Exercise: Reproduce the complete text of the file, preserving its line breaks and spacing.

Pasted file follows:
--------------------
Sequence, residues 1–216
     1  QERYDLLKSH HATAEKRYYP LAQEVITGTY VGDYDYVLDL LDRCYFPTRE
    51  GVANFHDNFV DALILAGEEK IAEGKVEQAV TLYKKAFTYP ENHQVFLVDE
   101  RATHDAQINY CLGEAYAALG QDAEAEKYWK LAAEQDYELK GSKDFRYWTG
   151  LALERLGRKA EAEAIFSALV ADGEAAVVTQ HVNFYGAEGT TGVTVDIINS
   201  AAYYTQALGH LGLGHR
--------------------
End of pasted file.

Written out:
Sequence, residues 1–216
     1  QERYDLLKSH HATAEKRYYP LAQEVITGTY VGDYDYVLDL LDRCYFPTRE
    51  GVANFHDNFV DALILAGEEK IAEGKVEQAV TLYKKAFTYP ENHQVFLVDE
   101  RATHDAQINY CLGEAYAALG QDAEAEKYWK LAAEQDYELK GSKDFRYWTG
   151  LALERLGRKA EAEAIFSALV ADGEAAVVTQ HVNFYGAEGT TGVTVDIINS
   201  AAYYTQALGH LGLGHR